The Defenders meets expectations, but no more…

The Defenders is about as good as I expected, although not much better…

I just finished binging Marvel’s The Defenders and it was very entertaining. While it lacks the depth and ambiguity of Daredevil and Jessica Jones in particular, the series follows up on character development extremely well. While I overall enjoyed it thoroughly, I have some thoughts I’d like to share, on what went well and what went wrong. This is a series which could very easily have been bogged down by the sheer amount of characters and fans expectation, but given the obstacles the show faced, the Defenders is a success. It manages to balance the four leads screen time and personalities well, and sets up future narratives with a strong emphasis on the close of a chapter.

This feels like the close of a story begun in the first season of Daredevil. For the longest time, the Hand have been in the background, pulling the strings, and now finally our heroes confront them, led by Alexandra (played by the brilliant Sigourney Weaver). She brings a restrained performance, giving us a strong leader on the verge of desperation, dying and unable to confront it. The first scene, showing her undergoing cancer testing is a vulnerable moment that humanises her as well as giving her firm motivation, and even a believable excuse for being rushed or making mistakes. Weaver plays this vulnerability perfectly, whilst also projecting strength when in the company of others. This is one of the reasons I feel it was a shame the way the show-runners dealt with her character. Beyond this point there will be spoilers…

The decision to kill of Alexandra was bold, but a misstep. If the show had a viable replacement under its belt I would be thrilled, but instead the villain who steps up, Elektra, is just not as engaging. It is the same mistake they made on Luke Cage, where Cottonmouth was bumped off early to be replaced by another snake themed bad guy with a less interesting character and ten times more insanity. Diamond-back was just an angry secret brother with an unstable demeanour, and it was unrealistic for this character to be a crime-lord. The same can be said for Elektra. Elodie Yung gives a smashing performance, but the character is the problem. Her motivation is unclear, does she love Matt Murdoch, does she want to kill him? We don’t know. She just can’t fill the Weaver’s shoes.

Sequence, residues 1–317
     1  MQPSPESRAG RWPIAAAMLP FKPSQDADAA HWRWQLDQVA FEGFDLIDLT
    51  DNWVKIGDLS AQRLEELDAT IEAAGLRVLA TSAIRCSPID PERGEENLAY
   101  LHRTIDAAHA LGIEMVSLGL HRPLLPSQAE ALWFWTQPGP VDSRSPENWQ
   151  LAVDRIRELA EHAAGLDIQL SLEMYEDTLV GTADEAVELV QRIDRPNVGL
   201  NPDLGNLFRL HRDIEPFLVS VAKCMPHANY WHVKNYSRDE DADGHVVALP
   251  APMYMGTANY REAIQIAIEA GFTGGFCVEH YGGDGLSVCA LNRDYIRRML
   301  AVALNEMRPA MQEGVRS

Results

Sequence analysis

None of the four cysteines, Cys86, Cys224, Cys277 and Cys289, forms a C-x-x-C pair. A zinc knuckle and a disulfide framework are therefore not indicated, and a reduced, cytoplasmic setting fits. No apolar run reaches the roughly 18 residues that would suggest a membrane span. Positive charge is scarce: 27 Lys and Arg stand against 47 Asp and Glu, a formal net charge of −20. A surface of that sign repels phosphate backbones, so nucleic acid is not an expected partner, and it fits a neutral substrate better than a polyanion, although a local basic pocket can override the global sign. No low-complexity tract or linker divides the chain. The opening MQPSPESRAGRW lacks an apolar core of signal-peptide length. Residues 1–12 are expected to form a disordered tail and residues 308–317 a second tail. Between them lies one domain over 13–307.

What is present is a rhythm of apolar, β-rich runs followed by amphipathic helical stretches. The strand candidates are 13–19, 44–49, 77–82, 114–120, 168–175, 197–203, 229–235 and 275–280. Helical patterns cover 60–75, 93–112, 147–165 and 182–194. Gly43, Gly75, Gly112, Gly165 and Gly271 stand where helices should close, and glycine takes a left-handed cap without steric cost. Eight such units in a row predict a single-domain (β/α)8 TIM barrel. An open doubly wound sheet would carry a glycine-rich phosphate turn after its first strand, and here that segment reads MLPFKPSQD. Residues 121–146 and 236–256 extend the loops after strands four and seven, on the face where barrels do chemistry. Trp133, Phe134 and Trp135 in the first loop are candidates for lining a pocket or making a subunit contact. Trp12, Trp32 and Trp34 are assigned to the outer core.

On the plus side, the four leads bring their A-game, and even Finn Jones’ Iron Fist, the weakest of the four characters is much more enjoyable here. The way the writers have all four bouncing off each other works very well and it’s interesting watching their different perspectives and ideologies clash. The action is splendid for the most part, except when for some reason the shots are shaky close ups in dark rooms. This happens more during group fights, which makes the one on one moments oddly much better. The one exception is the moment all four first meet, during the fight in Midland Circle, which show-cases all of their differing fighting styles and abilities, whilst leaving room to see clearly.

The show wraps up a lot of loose ends from the previous series and starts new narratives, and many of the side characters get interesting conversations, even in the finale. Honestly the biggest problem with this mini-series is that it never gets better than fine. It is a perfectly fine series that has some memorable and even really great elements, but as a whole, it doesn’t quite reach the level of Daredevil season 1 or even Jessica Jones. It just feels like the story lets it down; it’s too basic, too by the numbers to really impress, and I must confess I hope this is the last of the Hand story-line. I’m sick of ninja assassin cults and immortal criminals, these shows need to embrace the grittiness that makes them so refreshing in the MCU. But for what it’s worth, I probably will watch it at least once again.

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